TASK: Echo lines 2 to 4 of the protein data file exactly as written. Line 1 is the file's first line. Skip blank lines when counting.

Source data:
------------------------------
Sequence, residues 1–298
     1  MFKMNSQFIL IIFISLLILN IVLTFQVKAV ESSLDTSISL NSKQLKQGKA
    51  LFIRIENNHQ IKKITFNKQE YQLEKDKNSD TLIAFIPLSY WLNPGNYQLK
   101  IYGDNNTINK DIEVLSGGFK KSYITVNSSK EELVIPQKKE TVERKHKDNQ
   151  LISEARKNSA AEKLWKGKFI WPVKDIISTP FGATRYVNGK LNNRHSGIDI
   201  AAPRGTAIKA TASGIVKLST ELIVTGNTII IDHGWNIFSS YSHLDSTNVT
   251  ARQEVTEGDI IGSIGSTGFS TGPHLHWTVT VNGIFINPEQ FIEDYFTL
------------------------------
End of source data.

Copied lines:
     1  MFKMNSQFIL IIFISLLILN IVLTFQVKAV ESSLDTSISL NSKQLKQGKA
    51  LFIRIENNHQ IKKITFNKQE YQLEKDKNSD TLIAFIPLSY WLNPGNYQLK
   101  IYGDNNTINK DIEVLSGGFK KSYITVNSSK EELVIPQKKE TVERKHKDNQ